Artificial intelligence (AI) is said to be a boon to email marketers. But that’s not what comes out of a study by The Drum, in partnership with Sysomos.
This report shows that most marketers don’t understand AI. And they fear it will lead to job loss. In addition, they don’t want to let it anywhere near creative and recruitment — tasks that require a personal touch.
But they are not exactly cowering in their offices -- they also see the opportunities.
Of 200 marketers surveyed, most apparently in the UK and/or Europe, 85% think AI will have a significant impact on their activities over the next five years.
What’s more, 51% want to use AI for customer services, and 34% for media buying and planning, which presumably includes email deployment. Finally, 34% want to use it to garner competitive intelligence.
And in general, 62.4% want to invest in AI to increase productivity, and 60% to increase efficiency.
As for the bad news, 54% say they don’t understand AI. And 63% feel that AI will not automate creativity; only 17.4% believe it will.
What’s causing the lack of knowledge? According to Forrester research: “Marketers are having trouble understanding their current contextual marketing capabilities, let alone AI technologies,” the study says.
Of the marketers polled, 34.9% are investigating the potential of AI. But 63.1% are not.
Sysomos concludes that “it makes sense because not everyone is actively investigating AI right now. Back-office and client-facing roles often happen in completely different parts of an organization so there’s a lot of siloed knowledge.”
Meanwhile, here’s a definition: “AI is the study of man-made computational devices and systems which can be made to act in a manner which we would be inclined to call intelligent,” the study states.
Granted, this survey is of overseas marketers. But anecdotal evidence suggests they are in sync with their U.S. counterparts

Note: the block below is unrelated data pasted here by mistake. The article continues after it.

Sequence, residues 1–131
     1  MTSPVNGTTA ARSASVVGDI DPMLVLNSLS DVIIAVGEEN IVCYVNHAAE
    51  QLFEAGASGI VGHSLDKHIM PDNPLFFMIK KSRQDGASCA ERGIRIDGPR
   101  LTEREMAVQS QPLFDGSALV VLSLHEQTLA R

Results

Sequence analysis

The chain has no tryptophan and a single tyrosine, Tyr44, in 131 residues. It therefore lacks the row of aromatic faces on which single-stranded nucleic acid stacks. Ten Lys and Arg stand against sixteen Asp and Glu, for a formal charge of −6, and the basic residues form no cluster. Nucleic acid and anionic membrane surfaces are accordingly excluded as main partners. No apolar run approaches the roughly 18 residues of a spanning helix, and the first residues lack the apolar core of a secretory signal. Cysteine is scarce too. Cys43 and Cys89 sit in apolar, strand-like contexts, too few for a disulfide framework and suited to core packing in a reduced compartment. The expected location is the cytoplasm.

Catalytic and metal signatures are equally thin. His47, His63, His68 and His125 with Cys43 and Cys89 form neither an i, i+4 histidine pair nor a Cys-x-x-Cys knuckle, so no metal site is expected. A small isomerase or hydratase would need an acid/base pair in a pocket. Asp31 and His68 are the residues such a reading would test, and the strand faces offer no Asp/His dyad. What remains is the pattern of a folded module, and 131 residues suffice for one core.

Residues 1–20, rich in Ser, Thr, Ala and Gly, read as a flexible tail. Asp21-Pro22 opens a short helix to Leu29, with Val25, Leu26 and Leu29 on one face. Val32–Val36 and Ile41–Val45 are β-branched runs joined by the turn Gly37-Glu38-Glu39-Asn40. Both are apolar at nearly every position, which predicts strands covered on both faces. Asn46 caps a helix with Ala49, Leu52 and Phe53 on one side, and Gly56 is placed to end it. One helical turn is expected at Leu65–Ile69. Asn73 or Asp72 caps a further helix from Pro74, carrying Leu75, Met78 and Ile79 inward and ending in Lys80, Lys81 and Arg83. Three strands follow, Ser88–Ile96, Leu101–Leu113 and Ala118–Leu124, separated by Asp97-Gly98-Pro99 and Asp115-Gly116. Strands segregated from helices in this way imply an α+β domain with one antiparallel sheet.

As for job loss, 61% of the respondents assume it will happen — but not to them.
Specifically, 25% “think that AI will take over 20% of their daily job, while 20% think it will take 50% of their role,” the study states.
However, “only 1% believe AI will take 90 or 100% of their role — which means most people still think they will be needed in their current job.”
One source says the jobs most at risk are those that are “routine, repetitive and predictable,” the study adds.
Still, it will happen. “It seems inevitable that AI will cause jobs to disappear,” Sysomos writes.
But it adds: “There are millions of professionals out there who have no administrative assistance or support, and it’s here AI can make their jobs better without displacing anyone.”
So how to we get rid of these fears, short of sending marketers into psychotherapy?
The study concedes that there are obstacles, but adds that “marketers are excited by the possibilities” of AI. But, as reported, one area will remain sacrosanct.
Marketers have “a high degree of confidence in creativity remaining firmly in the human realm — at least for now.” Email marketers, take note.